Five Questions with Kim Nain
This week's Five Questions With ... features up-and-coming artiste Kim Nain.
Nain, who is signed to artiste manager Shelly Curran, could be considered by many as an academic. She holds a Bachelor of Laws degree from the University of Technology and a diploma in education. Despite having the ability to have a successful career in either field, Nain could not shake her love for music. She admitted that music has been her passion since she was a child, so she decided to pursue music full time.
She made that decision two years ago and says so far, she has no regrets as music truly is her happy place. She made her Reggae Sumfest debut this summer and is getting ready to release her debut album in a few weeks. Here's to getting to know a little more about Kim Nain.
How would you describe your sound?
I don't just do reggae. I was born into it, but I'm also influenced by other genres. I want to show that versatility in my music. This album, actually, is a nice compilation of the different elements. It showcases who I am as an entertainer, what sounds I'm influenced by, and has something on it that everyone can relate to. You will hear a little bit of R&B, reggae, dancehall, even trap and EDM. I have found a way to fuse the different influences, and you will hear that coming out in this project.
You have a song on the upcoming album called 'Deal Wid It' with Destiny Sparta. A lot of persons didn't expect this collaboration. How did that come about?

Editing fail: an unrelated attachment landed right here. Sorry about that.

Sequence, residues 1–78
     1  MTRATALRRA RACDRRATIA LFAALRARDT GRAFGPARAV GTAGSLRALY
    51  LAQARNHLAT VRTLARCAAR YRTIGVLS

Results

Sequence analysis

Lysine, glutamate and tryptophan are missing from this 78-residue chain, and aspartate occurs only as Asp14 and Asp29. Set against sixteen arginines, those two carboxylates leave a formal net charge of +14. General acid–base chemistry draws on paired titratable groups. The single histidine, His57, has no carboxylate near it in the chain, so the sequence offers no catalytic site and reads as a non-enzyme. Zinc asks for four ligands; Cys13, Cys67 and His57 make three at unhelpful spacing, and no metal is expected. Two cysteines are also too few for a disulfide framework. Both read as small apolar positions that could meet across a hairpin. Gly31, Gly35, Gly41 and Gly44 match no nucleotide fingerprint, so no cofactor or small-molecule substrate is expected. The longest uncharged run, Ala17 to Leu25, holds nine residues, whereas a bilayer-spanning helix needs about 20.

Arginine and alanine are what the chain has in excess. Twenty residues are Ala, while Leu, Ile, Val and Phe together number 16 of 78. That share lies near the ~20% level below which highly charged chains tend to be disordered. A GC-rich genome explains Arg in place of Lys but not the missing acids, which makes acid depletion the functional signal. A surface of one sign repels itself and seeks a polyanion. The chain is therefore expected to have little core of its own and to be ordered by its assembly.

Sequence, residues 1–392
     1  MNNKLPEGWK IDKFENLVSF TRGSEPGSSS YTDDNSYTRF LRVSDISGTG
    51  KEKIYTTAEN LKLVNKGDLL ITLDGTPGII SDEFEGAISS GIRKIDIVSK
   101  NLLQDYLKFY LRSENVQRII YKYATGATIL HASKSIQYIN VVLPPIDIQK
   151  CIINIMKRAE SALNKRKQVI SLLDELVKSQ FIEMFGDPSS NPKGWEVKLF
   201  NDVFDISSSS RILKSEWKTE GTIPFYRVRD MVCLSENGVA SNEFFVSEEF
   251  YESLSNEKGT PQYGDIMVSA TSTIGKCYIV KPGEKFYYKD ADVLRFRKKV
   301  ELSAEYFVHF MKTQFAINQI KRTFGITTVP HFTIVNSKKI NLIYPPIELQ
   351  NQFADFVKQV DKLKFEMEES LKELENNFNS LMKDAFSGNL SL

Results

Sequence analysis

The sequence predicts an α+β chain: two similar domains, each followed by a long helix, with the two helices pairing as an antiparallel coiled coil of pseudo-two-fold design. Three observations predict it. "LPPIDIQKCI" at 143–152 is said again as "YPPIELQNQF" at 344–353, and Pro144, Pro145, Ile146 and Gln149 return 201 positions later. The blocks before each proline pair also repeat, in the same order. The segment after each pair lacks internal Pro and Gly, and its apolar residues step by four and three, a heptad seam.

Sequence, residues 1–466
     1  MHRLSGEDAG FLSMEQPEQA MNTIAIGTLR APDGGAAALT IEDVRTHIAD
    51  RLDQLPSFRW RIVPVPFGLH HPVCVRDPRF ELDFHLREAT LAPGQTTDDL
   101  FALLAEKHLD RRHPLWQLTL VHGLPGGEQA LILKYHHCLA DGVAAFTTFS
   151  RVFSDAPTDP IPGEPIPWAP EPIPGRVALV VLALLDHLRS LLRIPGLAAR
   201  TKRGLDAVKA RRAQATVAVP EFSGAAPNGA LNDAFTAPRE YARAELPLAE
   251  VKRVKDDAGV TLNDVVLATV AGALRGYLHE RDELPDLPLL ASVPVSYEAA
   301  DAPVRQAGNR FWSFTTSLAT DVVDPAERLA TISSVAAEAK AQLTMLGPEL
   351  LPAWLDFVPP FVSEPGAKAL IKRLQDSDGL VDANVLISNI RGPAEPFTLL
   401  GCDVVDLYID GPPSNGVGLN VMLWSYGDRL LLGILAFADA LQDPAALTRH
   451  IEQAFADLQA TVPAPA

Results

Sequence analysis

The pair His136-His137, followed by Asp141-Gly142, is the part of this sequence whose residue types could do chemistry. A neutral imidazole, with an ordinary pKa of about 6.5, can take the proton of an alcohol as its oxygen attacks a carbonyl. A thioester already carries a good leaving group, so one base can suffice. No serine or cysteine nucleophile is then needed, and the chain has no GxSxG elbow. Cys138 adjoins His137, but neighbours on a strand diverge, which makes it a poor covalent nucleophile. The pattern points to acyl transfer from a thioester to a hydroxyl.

Deal Wid It, the song, is different from the album title. I did the song two or three years ago, and of course, at the time, Destiny wasn't on it. I loved the song because I am a little bit more out there with this song. People think that I'm super conservative 100 per cent of the time, and I'm not like that. I'm every woman. But even with being more out there than I am usually, I still was not as 'raw' as I needed to be, and I needed that to come across in the song. It was my manager that thought of her, and I said, 'Yow, she woulda bad pan it fi real'. We hit her up, and she liked the song and came on board. She did an excellent job because she brought across what I couldn't. It's a mix of sweet and raw.
What's the creative process like for you when writing a song?
I will just go to the studio, and I will say, 'Dale (Dale Virgo of DZL Records), I feel like writing a song about this' or 'This is the mood I'm in - I feel like I'm in an R&B mood today or reggae,' and he'll say, 'OK' and he'll go straight to the piano and start building a beat, and I will start vibing to it immediately, and then just like that, we'll have a song. I'd literally just lay out the melody, write the lyrics, record the song, and he mixes it, and we'll finish just like that.
Do you think you will ever pursue law in the future?
I finished my degree; it's right there still. I did work in court for a bit, but it's just not my passion. It's not because I can't do it. Life is just too short for me not to do what I love. I had to do music because this is my passion. I had to do it and see where it takes me. If it doesn't work out, it doesn't work out. I'm still young. I can always go back to school.
Where do you see your career going?
I have to be very careful in answering this question because I remember the backlash Spice got when she said she outgrew Jamaica. I understood what she was saying, and I think it was taken out of context by many. As an artiste, we have to think bigger than Jamaica, and it doesn't mean that you're better than Jamaica - it just means that once you've achieved everything in the Jamaican space, you have to step higher. We have to think Grammys and brand building. If you want to become a brand, you can't just be queen of Jamaica, you have to be queen of the world, too. When I look at people like Rihanna - Rihanna is honestly goals for me. She's from the Caribbean, but now she's a megastar and a brand. She's gone into acting, fashion, everything. I want to get to a similar place one day.